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Disruption again, but this time from the supply side

We’ve written before on this blog about if, when, and how the consulting industry will be disrupted, often suggesting that the forces that will drive change may be hidden in plain sight. Nowhere is that more relevant than when we consider the current talent crisis.

We’ve generally defined disruption as a mass change in client behaviour; that, for example, Uber was disruptive, not so much because of its technology, but because people changed the way they travelled. Demand-side disruption taps into frustration with existing services and price points: New York’s famous yellow cabs are dirty, cramped, and expensive, while in comparison, Uber’s cars are clean, air-conditioned, and usually cheaper. But disruption—in the sense there’s a sudden move of clients from one firm to another—hasn’t happened in consulting because the market is much more fragmented (a point we made in this article), and around three quarters of clients think the quality of work done by consultants is already “high” or “very high”. In addition to this, while consultants are rarely cheaper than the in-house equivalent, they’re metaphorically cleaner and better air-conditioned.

But less attention (including by us) has been paid to supply-side disruption, the kind of innovation that takes place when people are forced to behave differently because they can’t get hold of things they’re used to having. The reason why we spend less time thinking about this type of disruption is that it’s assumed to be temporary. For example, when coffee was unavailable during the Second World War, people used chicory as a substitute. Presumably that had a massive impact on the hitherto fairly niche chicory industry, but it didn’t last: Chicory was no substitute for a decent espresso. Similarly, the “supply” of flights was limited by government travel restrictions during the pandemic, so more people staycationed, but now, as it becomes easier to travel in some parts of the world, airline ticket sales are increasing rapidly. In contrast, some supply-side constraints result in long-term shifts in consumer behaviour: The forced move to al fresco dining in the UK has clearly resulted in more people preferring to eat outside, more of the time—we’re not quite Paris yet, but we’re trying.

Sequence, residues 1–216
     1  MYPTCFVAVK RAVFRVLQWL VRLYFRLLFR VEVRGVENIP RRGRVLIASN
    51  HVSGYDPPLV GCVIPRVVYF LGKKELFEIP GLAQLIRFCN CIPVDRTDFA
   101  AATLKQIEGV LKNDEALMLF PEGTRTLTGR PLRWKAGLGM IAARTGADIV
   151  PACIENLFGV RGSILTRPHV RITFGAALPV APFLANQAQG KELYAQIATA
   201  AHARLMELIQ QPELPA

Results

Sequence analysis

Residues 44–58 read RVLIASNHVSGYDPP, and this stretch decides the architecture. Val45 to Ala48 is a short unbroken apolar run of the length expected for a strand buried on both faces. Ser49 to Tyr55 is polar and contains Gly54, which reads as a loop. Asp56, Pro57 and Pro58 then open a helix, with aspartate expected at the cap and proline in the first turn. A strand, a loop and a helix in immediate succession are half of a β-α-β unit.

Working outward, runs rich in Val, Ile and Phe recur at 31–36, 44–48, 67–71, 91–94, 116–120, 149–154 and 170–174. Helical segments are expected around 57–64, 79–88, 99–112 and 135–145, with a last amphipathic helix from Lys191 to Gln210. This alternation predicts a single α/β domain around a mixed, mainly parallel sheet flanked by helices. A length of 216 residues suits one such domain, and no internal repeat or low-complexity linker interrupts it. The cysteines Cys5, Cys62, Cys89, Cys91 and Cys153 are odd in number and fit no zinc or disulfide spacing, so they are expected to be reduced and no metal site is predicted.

The consulting industry is now suffering from its own supply-side problem; an acute shortage of people. This is, by all accounts, significantly worse than the industry’s familiar “war for talent”, but it’s not yet clear whether it’s a short or long-term problem.

If we assume this labour shortage is primarily short-term, then the obvious response will be to pay people more, thus attracting and/or keeping people who are sitting on the career fence. But even this has problems. Traditional consulting firms may pay their staff—and especially their partners—well, but they can’t compete with the salaries and other benefits offered by technology firms like Google. Even if they could, consultants who lived through the boom of the late 1990s will remember the extent to which salary expectations outstripped clients’ willingness to pay higher fees, resulting in a “market correction”: Demand contracted.

But what if we assume this is a long-term talent crisis? We should expect to see large, well-established firms investing heavily in productivity tools (to help staff work more efficiently behind the scenes), and managed services (where some of the routine work done by consultants is replaced by a combination of software tools and proprietary data, supported by deeper but more limited expertise). However, that’s likely to make it hard for small and mid-sized firms to compete: Already out-bid when it comes to paying rapidly inflating salaries, these firms will have to focus on expert-only models, offering senior people greater flexibility—both of which will limit their ability to grow. The distance between the very biggest firms, and the next tier down, will increase. However, for genuine disruption of the industry to occur, one of those very big firms would have to do something that allowed it to obtain—and keep—a higher proportion of the best people. Such a strategy would acknowledge that, however much consulting firms invest in technology, they very much remain people-based businesses, and that competitive advantage lies in control of these scarce resources.

So what would that move look like? We’ve long thought that disruption in the consulting industry won’t come from either within or without, but from a combination of the two. A merger between—say—Accenture and Google would put a fairly sizeable cat among the pigeons. An injection of money from a technology company would allow a consulting firm to offer potential recruits both substantially higher salaries, and a chance to work with leading-edge technology. And where most senior consultants go, clients will follow. If our putative Accenture/Google merger was accompanied by a strategy of poaching the brightest stars from all the major firms, now that would truly be disruptive.